Slightly Off Center

Slightly Off Center: Brevity Lost

By Dennis Hinkamp

Your presence will say more than words.

One of my favorite quotations is: “I didn’t have time to write you a short letter so I wrote a long one,” attributed to Mark Twain. I turned 56 this week and my appreciation for brevity has not yet peaked. Sometimes you have to say the wine has aged long enough and just drink it. Why write a novel when a haiku will do?

This is what I was thinking while flipping back and forth between the Westminster Dog Show and the Grammys. There is something to be said for just one person standing in front of a microphone and singing without all the smoke and fireworks. Similarly, I would like to see a poodle allowed the un-coifed dignity to actually look like a dog that would rather be rolling around in dead fish.

Like most social changes, I blame the death of brevity on the Internet and electronic gizmos in general. There was a time when people actually limited their writing because they didn’t want to run out of paper. Television stations actually taped over used tapes to save money. Photographers carefully considered which photos to develop because photo paper and chemicals were expensive. Now you can type till your fingers bleed and never fill up your hard drive. YouTube will accept hours if not days of your cute dog videos. And when was the last time you saw someone pull a photo of their girlfriend (wife, child, dog) out of their wallet?

One of my favorite parts of the Sundance Film Festival are the “shorts” which range from five to 40 minutes. Though I do admire a movie such as Titanic that can hold your attention for 194 minutes even though you know how it will end, I probably would be equally as satisfied with 90 minutes of tragic historical fiction. But if you are getting paid $500 million for a movie, long must seem like more of a bargain.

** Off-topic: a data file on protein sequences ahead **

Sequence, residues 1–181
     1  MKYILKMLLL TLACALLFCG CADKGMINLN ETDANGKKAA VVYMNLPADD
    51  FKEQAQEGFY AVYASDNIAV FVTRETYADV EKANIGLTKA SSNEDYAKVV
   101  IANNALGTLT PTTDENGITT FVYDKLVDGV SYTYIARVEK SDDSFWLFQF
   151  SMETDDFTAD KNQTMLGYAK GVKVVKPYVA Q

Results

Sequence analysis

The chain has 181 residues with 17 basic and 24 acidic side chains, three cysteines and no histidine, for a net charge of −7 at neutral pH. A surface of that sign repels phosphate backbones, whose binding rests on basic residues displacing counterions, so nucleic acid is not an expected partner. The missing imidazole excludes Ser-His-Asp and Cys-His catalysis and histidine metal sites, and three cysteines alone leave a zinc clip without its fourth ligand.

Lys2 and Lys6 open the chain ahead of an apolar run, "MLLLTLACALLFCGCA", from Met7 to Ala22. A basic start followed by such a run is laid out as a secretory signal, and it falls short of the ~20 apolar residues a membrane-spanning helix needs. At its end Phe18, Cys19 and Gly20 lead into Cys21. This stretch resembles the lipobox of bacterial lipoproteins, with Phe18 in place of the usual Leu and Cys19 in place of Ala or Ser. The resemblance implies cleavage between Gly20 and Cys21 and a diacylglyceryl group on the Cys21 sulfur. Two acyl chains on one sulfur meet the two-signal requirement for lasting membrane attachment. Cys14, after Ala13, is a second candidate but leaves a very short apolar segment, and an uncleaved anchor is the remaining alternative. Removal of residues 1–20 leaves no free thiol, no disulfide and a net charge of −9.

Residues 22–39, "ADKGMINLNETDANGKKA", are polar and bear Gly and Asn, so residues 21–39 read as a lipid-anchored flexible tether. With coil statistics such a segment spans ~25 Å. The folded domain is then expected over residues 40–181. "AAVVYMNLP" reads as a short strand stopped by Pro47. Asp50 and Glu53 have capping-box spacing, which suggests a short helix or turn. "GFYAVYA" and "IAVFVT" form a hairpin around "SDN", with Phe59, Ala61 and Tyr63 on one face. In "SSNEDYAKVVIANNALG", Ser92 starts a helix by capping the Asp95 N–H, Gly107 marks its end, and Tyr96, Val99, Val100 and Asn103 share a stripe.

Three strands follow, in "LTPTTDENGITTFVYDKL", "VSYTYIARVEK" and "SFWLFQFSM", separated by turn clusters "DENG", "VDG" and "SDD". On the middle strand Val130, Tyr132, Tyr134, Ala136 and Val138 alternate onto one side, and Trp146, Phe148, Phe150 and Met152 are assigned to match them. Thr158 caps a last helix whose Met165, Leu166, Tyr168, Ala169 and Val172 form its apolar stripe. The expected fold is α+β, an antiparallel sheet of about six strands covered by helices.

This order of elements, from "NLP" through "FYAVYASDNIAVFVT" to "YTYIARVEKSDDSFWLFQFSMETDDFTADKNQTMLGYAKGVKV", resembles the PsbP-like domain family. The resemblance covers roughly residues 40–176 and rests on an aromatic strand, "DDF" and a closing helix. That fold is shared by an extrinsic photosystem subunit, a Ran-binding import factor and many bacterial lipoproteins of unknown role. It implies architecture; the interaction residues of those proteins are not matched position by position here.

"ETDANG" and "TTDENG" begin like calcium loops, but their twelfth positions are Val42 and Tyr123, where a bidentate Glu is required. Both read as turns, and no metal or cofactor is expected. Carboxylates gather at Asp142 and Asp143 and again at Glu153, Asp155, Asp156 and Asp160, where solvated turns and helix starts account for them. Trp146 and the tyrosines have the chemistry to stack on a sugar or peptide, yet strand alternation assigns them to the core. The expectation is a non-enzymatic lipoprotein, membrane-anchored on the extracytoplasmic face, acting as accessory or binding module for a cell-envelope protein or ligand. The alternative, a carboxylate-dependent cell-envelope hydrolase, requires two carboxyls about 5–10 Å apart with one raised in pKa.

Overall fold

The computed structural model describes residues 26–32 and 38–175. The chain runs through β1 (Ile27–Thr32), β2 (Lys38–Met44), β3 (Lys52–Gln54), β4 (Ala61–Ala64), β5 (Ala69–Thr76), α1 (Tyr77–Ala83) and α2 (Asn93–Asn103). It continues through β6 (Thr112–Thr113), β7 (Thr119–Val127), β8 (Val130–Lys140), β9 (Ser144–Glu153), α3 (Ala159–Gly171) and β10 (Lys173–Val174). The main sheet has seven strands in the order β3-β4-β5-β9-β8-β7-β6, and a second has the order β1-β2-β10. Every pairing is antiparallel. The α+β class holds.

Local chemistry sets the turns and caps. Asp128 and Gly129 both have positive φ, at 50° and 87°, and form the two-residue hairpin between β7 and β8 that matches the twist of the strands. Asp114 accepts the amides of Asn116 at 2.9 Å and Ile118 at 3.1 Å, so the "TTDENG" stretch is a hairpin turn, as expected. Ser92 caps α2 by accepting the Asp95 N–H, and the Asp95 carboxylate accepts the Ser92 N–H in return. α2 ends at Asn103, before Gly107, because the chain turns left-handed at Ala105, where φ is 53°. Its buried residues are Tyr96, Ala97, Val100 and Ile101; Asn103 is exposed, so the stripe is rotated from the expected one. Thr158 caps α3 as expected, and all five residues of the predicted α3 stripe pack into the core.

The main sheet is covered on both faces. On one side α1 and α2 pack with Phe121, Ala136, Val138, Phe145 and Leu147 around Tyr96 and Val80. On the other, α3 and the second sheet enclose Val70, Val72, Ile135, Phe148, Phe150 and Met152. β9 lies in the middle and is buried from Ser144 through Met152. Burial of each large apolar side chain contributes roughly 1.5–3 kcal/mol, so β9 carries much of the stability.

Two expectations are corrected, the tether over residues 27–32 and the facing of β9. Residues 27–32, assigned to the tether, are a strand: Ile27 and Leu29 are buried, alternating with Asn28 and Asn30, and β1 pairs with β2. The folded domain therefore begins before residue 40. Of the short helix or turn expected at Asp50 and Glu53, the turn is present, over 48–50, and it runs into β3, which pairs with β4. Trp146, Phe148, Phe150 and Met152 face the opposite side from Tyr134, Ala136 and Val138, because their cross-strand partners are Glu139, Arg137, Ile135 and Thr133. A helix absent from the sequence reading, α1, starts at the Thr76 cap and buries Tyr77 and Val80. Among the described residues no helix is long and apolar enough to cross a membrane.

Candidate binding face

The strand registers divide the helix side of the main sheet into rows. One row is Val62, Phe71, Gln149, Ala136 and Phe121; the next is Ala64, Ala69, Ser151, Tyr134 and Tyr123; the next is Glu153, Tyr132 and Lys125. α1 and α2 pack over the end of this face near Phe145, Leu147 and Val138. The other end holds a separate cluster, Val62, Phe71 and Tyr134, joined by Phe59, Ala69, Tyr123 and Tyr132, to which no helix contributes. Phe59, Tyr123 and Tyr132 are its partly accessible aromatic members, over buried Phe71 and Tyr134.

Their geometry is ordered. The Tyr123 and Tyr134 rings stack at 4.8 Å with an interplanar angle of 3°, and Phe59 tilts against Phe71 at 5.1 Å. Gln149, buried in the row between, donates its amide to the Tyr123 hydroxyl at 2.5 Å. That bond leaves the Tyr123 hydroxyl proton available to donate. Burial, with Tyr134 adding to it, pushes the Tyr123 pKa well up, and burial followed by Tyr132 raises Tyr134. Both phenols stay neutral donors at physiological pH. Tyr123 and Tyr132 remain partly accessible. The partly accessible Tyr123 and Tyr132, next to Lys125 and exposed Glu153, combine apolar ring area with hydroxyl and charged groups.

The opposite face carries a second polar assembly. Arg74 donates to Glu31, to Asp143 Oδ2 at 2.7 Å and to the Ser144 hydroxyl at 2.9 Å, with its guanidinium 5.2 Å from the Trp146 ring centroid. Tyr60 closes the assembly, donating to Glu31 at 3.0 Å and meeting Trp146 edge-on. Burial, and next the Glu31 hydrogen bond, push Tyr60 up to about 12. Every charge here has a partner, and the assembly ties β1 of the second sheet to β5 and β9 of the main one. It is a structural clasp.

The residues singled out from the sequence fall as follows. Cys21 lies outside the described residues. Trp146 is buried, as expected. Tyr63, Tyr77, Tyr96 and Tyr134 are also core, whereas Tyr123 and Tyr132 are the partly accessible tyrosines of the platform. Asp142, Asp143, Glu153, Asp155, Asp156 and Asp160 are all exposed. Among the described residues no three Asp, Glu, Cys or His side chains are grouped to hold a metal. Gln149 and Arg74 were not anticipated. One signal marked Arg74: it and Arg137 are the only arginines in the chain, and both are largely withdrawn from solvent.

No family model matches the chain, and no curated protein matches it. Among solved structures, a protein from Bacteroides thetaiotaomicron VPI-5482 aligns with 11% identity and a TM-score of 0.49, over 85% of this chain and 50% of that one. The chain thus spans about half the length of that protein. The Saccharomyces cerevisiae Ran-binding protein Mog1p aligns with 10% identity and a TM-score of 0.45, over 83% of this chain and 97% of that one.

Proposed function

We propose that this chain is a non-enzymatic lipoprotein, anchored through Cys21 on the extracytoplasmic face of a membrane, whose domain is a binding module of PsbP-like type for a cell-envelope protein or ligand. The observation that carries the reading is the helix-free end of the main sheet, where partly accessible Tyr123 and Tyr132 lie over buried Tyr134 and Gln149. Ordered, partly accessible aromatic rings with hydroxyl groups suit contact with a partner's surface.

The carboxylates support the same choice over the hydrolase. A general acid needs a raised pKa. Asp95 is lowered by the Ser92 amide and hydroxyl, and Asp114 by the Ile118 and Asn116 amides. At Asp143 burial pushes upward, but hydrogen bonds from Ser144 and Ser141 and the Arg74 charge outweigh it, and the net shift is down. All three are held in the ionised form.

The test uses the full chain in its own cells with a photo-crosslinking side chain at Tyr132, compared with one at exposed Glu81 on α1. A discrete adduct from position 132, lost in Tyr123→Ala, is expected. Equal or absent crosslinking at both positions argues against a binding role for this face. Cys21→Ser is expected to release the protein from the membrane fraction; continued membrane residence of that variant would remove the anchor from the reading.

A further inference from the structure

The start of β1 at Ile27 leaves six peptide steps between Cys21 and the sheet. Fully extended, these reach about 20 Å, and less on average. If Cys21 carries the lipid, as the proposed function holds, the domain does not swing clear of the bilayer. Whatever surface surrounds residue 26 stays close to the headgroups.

Trending shorter are Twitter and texting which are the drip of consciousness to the previous generation’s stream of consciousness writing style: short but not succinct. They are so instant that people don’t edit them and at times the writers seem to have Obsessive Compulsion Disorder coupled with Tourette’s Syndrome of the fingers as they fire off triteness that would make Hall­mark cards seem contemplative.

I’ve been counting words on a page like pounds on a scale for about 40 years now. Mental and imagined reader fatigue starts setting in at about 500 words. I’ve written a little more than 1,000 columns but the thought of writing a book just seems too daunting or maybe my attention span is as brief as my writing. I even like short sentences and paragraphs. I hope my obituary will read: He died. Google it. 

This article was originally published on February 29, 2012.